Leader : You must have an honest understanding of who you are, what you know, and what you can do. Also, note that it is the followers, not the leader or someone else who determines if the leader is successful. If they do not trust or lack confidence in their leader, then they will be uninspired. To be successful you have to convince your followers, not yourself or your superiors, that you are worthy of being followed.
Communication : You lead through two-way communication. Much of it is nonverbal. For instance, when you "set the example," that communicates to your people that you would not ask them to perform anything that you would not be willing to do. What and how you communicate either builds or harms the relationship between you and your employees.
Followers : Different people require different styles of leadership. For example, a new hire requires more supervision than an experienced employee. A person who lacks motivation requires a different approach than one with a high degree of motivation. You must know your people! The fundamental starting point is having a good understanding of human nature, such as needs, emotions, and motivation. You must come to know your employees' be, know, and do attributes.
Situation : All situations are different. What you do in one situation will not always work in another. You must use your judgment to decide the best course of action and the leadership style needed for each situation. For example, you may need to confront an employee for inappropriate behavior, but if the confrontation is too late or too early, too harsh or too weak, then the results may prove ineffective.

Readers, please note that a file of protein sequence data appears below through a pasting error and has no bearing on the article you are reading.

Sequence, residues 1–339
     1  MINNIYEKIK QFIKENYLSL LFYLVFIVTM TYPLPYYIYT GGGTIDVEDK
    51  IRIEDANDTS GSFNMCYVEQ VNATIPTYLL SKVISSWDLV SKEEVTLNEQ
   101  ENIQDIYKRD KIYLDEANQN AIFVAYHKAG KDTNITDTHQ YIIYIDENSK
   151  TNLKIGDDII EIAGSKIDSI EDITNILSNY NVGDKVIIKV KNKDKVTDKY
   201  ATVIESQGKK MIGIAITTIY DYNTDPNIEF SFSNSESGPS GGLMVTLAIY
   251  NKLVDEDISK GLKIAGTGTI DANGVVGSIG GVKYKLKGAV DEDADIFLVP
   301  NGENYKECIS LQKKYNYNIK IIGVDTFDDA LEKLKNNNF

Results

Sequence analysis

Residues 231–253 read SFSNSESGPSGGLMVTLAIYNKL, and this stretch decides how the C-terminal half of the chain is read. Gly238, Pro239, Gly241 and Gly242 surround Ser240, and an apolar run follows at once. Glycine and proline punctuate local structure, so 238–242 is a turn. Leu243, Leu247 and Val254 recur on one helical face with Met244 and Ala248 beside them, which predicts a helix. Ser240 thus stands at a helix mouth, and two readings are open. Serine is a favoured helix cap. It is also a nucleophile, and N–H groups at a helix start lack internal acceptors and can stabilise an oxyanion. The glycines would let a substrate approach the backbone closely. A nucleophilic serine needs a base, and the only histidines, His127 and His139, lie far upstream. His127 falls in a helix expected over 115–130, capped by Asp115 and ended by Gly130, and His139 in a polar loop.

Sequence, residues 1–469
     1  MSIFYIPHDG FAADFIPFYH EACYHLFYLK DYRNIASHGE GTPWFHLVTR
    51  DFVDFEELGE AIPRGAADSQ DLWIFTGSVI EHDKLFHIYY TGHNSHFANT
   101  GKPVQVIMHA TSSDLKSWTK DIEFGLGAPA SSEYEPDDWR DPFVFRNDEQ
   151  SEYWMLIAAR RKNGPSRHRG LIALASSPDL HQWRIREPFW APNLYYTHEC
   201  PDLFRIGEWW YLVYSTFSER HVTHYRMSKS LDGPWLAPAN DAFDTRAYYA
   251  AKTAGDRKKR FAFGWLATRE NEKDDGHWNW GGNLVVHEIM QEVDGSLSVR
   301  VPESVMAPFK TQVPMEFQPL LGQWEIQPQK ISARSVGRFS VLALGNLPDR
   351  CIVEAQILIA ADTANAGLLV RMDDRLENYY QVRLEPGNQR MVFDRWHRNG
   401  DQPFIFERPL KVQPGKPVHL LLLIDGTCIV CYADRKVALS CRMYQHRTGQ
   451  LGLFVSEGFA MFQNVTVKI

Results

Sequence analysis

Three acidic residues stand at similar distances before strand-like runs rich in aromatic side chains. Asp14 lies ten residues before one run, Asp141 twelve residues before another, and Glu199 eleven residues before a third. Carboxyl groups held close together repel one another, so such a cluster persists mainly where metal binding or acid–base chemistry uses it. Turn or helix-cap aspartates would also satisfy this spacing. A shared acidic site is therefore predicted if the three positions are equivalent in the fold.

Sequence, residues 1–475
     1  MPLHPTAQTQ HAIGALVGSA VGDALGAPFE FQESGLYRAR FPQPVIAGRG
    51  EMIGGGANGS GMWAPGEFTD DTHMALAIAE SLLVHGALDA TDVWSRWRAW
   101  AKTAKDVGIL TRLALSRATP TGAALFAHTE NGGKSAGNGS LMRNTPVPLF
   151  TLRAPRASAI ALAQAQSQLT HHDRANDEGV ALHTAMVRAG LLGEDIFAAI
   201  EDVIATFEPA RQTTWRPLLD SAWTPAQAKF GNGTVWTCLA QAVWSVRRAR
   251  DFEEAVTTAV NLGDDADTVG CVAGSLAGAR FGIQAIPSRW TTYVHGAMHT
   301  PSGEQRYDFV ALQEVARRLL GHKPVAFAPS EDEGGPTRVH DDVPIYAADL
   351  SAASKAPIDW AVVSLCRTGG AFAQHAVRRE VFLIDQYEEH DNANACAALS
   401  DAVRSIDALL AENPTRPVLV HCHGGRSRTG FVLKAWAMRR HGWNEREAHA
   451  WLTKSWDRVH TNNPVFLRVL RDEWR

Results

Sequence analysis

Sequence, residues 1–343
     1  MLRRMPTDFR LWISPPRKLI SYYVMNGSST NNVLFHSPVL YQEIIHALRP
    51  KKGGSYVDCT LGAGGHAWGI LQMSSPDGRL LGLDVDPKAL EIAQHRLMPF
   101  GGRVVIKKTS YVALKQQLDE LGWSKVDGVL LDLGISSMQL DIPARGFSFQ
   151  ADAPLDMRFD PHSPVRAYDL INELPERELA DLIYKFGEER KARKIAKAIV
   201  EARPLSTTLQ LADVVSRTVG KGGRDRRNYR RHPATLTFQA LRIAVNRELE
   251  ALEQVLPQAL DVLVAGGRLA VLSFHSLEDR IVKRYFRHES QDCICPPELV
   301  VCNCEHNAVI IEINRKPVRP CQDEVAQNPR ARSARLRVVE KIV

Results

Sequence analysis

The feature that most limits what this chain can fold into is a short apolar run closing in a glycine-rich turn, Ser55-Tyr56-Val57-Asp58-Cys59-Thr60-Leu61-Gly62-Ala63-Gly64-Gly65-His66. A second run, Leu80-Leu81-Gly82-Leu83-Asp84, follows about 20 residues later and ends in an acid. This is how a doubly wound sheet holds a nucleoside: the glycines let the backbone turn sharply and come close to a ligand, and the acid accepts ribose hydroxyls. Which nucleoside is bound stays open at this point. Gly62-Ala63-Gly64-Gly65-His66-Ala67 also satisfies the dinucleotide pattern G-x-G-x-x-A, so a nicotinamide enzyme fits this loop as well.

Leadership grid explains how leaders help organize actions to achieve to achieve their objectives through the factors of concern for production or results (task behaviour) and concern for people (relationship behaviour).
The grid consists of two axes – Y-axis representing concern for production while X-axis representing concern for people on a scale 9 points. 1 represents minimum concern and 9 the maximum.
Authority – Compliance Management or task management Leaders who fall in this category heavily emphasize results with minimum concern for people. They consider people merely as a means to achieve desired results. The leader is often characterized as controlling, overpowering, over driving and coercive.
Country club management Leaders falling in this category are those who are concerned more welfare and personal needs of people and lack the focus on task accomplishment. The leader is often characterized democratic but also is seen as ineffective in driving the people toward achievement of goals.
Impoverished management (1,1) Leaders in this category are generally those who arrived here merely by means of their position, and are simply viewed as going through the motions of being a leader. They are characterized as indifferent, non-committal, un-involved and withdrawn.
Middle of the road management (5,5) Leaders in this category seem to achieve a “balance” between people relationships and results, but are basically compromisers in nature. They compromise on conviction to make some progress and as a result miss out on push for results and also on drive for creating a true team culture. Such leader is characterized as avoiding conflicts.
Team management Leaders in this category consider people relation, commitment and empowerment as a means of achieving goals. They are open to learning, view conflicts as opportunity for innovative thinking, clarify goals and set high expectation and provide learning opportunity for people in the course of completion of the task. Such leader is characterized as driving trust and learning in the teams.
The managerial grid model (1957) is a behavioural leadership model developed by Robert Blake and Jane Mouton. This model originally identified five different leadership styles based on the concern for people and the concern for production. The optimal leadership style in this model is based on Theory Y.
The grid theory has continued to evolve and develop. Robert Blake updated it with in (Daft, 2008). The theory was updated with two additional leadership styles and with a new element, resilience. In 1999, the grid managerial seminar began using a new text, The Power to Change.